William Hogarth, ‘Crowns, Mitres, Maces, Etc.’, 1754, National Gallery of Art, Washington, D.C.

Image rights: Courtesy National Gallery of Art, Washington

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About William Hogarth

English painter and printmaker William Hogarth is best known for his moral and satirical engravings and paintings, such as his eight-scene A Rake’s Progress (begun in 1732) and Marriage à la Mode (begun in 1745). A keen and humorous observer of human behavior, Hogarth depicted the exuberant life around him, from couples carousing in bawdy houses and taverns to scenes of fairs and theaters. Protective against piracy of his work, Hogarth was one of the first to obtain artist’s copyright over his engravings in a law passed as the Hogarth Act in 1735. Although his late work was not well received, Hogarth’s interest in sexuality, social integration, crime and political corruption made a lasting impact and continues to influence contemporary artists like Yinka Shonibare.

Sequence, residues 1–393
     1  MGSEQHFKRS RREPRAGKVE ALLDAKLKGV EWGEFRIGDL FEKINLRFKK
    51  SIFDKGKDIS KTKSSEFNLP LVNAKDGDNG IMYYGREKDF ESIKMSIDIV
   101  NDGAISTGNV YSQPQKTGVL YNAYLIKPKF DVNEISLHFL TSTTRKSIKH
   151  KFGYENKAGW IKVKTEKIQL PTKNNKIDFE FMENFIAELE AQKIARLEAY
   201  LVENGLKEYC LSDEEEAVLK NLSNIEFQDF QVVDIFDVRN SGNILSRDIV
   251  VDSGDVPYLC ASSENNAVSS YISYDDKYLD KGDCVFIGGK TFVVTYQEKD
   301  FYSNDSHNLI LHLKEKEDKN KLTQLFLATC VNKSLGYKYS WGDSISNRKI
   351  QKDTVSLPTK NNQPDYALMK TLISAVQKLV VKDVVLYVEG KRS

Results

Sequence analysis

British, 1697-1764, London, United Kingdom, based in London, United Kingdom